Wog Blogger is a first generation Australian-Italian, born in Melbourne, who has been living in Sydney since 1994. The Wog's family life revolved around the family restaurant. Home was filled with opera and antiques and the Enciclopedia Italiana. There was a farm with a pony, racehorses, Poll Hereford cattle, a Fiat tractor and a bocce course. Each St Francis day the priest came to bless the animals. Father's family is all in Italy, Mother's family is mostly in Australia with a few left in Italy. They all rock. A lawyer for 13 years, the Wog works inhouse for an Australian IT company - and blogs at Wog Blog.
Why do you blog? > Cos I got an opinion on everything and I like to put a wog perspective on stuff. Plus blogging is cheap and easy to do, you can make fantastic connections with folks from all over the planet just tapping away in your loungeroom and you learn so much from other bloggers.
What has been your best blogging experience? > The kindest sweetest emails after I posted about my Pa who died in 2003.
What has been your worst blogging experience? > Have honestly not had any bad experiences.
What are your favourite blogs? > Bunyip, Blair, Bilious - every day first thing. But I got about 30 I check, including Norm, Harry Hatchett, Chrenkoff, Jim Geraghty, Currency Lad, 1972, and Instapundit, and then I like to go wandering to other stuff I have not seen before.
What is your favourite poem? > 'Mulga Bill from Eaglehawk' by A.B 'Banjo' Paterson, cos it rocks and I can recite it.
Who is your favourite composer? > Cannot pick one: Mercadante, Vivaldi, Verdi, Puccini, Rossini, Mozart, Schubert, Bach. And prolly Richards/Jagger.
What philosophical thesis do you think it most important to disseminate? > That Wogs can do anything.
What philosophical thesis do you think it most important to combat? > That there are some things that Wogs just cannot handle – like democracy, non-corruption and not being a member of the mafia or other organized crime.
Can you name a work of non-fiction which has had a major and lasting influence on how you think about the world? > Yep. Guide to the Perfect Latin American Idiot and Culture Matters. Read 'em both around the same time. They each grapple with attitudes and habits of folks outside the Anglosphere. Made me think about the difference between culture and habit and how habits can change to improve things and culture does not need to be lost.
Who are your political heroes? > Galileo Gallilei, the Italian judges who attacked the mafia in Sicily in the 80s and Winston Churchill.
What is your favourite piece of political wisdom? > 'Do what you want, do what you will, just don't mess up your neighbour's thrill, and when you pay the bill kindly leave a little tip to help the next poor sucker on his one-way trip' - Frank Zappa, 'Mud Club' I think.
If you could effect one major policy change in the governing of your country, what would it be? > Uniform train tracks and some sort of giant desalination project.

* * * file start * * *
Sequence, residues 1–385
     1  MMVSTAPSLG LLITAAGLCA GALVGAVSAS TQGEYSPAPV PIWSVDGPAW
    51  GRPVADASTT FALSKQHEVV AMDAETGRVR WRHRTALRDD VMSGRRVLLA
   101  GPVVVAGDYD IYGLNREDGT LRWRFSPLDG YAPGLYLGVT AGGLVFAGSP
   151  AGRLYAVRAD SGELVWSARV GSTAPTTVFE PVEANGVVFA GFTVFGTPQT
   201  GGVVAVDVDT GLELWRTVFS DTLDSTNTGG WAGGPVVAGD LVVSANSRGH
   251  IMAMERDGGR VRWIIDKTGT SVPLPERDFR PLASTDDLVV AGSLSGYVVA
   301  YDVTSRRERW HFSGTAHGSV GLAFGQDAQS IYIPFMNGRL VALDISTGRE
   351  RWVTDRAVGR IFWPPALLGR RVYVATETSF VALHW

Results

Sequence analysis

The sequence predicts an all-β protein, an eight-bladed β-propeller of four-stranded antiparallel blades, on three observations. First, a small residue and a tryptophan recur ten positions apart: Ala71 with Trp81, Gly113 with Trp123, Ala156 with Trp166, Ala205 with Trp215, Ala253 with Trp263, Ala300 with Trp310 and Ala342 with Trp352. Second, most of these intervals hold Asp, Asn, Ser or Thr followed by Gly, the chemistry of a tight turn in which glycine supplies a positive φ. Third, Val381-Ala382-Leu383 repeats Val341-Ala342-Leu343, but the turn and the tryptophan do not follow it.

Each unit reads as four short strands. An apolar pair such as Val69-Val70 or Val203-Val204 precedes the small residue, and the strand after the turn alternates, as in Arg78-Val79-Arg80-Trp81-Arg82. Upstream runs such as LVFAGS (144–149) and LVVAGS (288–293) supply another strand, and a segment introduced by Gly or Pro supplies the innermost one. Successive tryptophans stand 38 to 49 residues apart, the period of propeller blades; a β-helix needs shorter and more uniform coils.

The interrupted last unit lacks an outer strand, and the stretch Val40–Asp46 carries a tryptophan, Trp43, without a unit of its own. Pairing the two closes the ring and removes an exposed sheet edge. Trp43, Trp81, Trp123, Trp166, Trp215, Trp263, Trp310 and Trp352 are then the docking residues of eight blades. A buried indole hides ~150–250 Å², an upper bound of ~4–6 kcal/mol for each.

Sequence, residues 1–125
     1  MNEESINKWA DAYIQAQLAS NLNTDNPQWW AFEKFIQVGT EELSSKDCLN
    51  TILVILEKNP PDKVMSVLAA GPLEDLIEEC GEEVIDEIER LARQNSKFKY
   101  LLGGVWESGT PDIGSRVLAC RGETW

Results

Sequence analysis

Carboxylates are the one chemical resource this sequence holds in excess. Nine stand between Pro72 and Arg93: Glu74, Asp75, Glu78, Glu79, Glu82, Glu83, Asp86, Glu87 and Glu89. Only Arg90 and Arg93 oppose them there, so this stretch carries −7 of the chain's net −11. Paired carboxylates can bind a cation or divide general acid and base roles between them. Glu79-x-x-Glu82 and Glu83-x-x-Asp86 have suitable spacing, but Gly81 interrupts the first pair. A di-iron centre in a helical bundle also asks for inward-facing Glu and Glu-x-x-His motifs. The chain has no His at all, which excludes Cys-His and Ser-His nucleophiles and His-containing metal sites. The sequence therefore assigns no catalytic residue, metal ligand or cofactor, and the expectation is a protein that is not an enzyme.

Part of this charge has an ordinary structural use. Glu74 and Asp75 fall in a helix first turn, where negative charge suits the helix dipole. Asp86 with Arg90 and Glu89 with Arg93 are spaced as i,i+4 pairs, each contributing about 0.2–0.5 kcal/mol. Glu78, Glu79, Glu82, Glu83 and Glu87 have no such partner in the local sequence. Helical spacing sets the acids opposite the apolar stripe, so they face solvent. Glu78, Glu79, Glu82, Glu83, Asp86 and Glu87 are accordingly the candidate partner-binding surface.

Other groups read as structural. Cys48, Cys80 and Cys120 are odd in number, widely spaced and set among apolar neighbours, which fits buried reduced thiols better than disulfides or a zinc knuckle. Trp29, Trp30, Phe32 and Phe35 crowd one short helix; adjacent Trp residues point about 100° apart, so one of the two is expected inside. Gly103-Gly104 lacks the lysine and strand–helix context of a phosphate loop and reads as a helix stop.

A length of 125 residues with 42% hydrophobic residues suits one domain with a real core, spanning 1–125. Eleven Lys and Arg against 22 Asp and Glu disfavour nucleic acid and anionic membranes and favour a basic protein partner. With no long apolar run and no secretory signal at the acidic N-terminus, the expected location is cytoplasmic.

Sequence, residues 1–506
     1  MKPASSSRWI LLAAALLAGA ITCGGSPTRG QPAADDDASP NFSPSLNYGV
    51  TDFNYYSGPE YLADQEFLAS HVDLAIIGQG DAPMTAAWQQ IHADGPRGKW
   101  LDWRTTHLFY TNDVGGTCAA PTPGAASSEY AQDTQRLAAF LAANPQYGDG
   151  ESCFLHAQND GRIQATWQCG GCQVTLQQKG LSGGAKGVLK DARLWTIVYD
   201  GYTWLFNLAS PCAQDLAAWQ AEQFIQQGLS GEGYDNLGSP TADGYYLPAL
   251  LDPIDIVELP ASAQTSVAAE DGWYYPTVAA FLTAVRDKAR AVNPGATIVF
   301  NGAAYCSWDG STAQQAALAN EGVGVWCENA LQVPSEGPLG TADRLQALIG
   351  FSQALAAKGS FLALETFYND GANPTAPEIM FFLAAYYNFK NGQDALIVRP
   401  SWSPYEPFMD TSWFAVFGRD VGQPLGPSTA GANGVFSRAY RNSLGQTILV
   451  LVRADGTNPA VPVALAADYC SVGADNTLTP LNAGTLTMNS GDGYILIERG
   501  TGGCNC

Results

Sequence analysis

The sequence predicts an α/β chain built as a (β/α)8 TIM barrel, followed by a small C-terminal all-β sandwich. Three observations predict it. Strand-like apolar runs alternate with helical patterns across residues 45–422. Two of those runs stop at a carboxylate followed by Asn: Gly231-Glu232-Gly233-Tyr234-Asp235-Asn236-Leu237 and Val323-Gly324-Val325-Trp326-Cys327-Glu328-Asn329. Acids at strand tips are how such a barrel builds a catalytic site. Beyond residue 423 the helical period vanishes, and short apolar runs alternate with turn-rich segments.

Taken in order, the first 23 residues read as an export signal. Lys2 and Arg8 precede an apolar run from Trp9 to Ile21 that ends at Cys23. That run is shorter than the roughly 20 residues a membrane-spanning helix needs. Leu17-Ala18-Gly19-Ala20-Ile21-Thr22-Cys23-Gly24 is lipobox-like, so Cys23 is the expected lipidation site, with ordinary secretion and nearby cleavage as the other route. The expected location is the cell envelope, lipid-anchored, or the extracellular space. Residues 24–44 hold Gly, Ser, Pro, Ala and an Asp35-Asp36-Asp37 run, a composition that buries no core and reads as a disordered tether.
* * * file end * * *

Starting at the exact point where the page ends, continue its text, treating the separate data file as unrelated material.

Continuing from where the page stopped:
Do you think the world (human civilization) has already passed its best point, or is that yet to come? > Yet to come, for sure.
What would be your most important piece of advice about life? > Be good company - everything comes from that.
Do you think you could ever be married to, or in a long-term relationship with, someone with radically different political views from your own? > No, not radically different.
What personal fault do you most dislike? > Bad temper.
In what circumstances would you be willing to lie? > To make someone feel good and to avoid conflict.
What is your favourite proverb? > I dunno if this counts as a proverb but it feels like a proverb to me and I like it: 'Ours is not to reason why, ours is but to clean the sty' - from Ronnie Barker Porridge, the movie.
Where would you most like to live (other than where you do)? > Nowhere is better than Oz for living. The rest is just for visiting.
What would your ideal holiday be? > Rome every time, first stop Piazza Sant'Eustachio for the best macchiato coffee, then a wander past the Pantheon to grab some gelato and then get stuck in looking around. Lord, it is top town.
What do you like doing in your spare time? > Watch hours and hours and hours of the teevee, read blogs, read books and magazines, spend time with buddies and talk.
What is your most treasured possession? > All my art and furniture. I only get stuff I love and I have some antiques from my parents that mean a whole lot to me.
What talent would you most like to have? > To speak and write fluent Italian, Spanish and Russian.
What would be your ideal choice of alternative profession or job? > Maybe author or magazine writer, but tell the truth, I do like being a lawyer.
Who is your favourite comedian or humorist? > Oh, man I love to laugh. I got so many favourites I cannot pick just one. Say the team from The Fast Show in Engerland and the boys from Pizza in Oz.
Who are your sporting heroes? > Tazio Nuvolari, Alex Jesaulenko, Mario Milano, Mankind (Mick Foley), Ari Vaatenen, Sir Jack Brabham.
Which football teams do you support? > I support Carlton in the Australian Football League and Lazio in the Serie A calcio in Italy.
If you could have any three guests, past or present, to dinner who would they be? > All present: Mark Steyn, Tim Blair and Theodore Dalrymple. (Not Galileo, even though I adore him cos he would prolly spend all his time being amazed at modern stuff like my Atomic coffee machine and my Vipp bin that closes hydraulically).
What animal would you most like to be? > A black Labrador owned by a very rich family with kids, big cars and a farm where they shoot grouse and such. Pam-pered.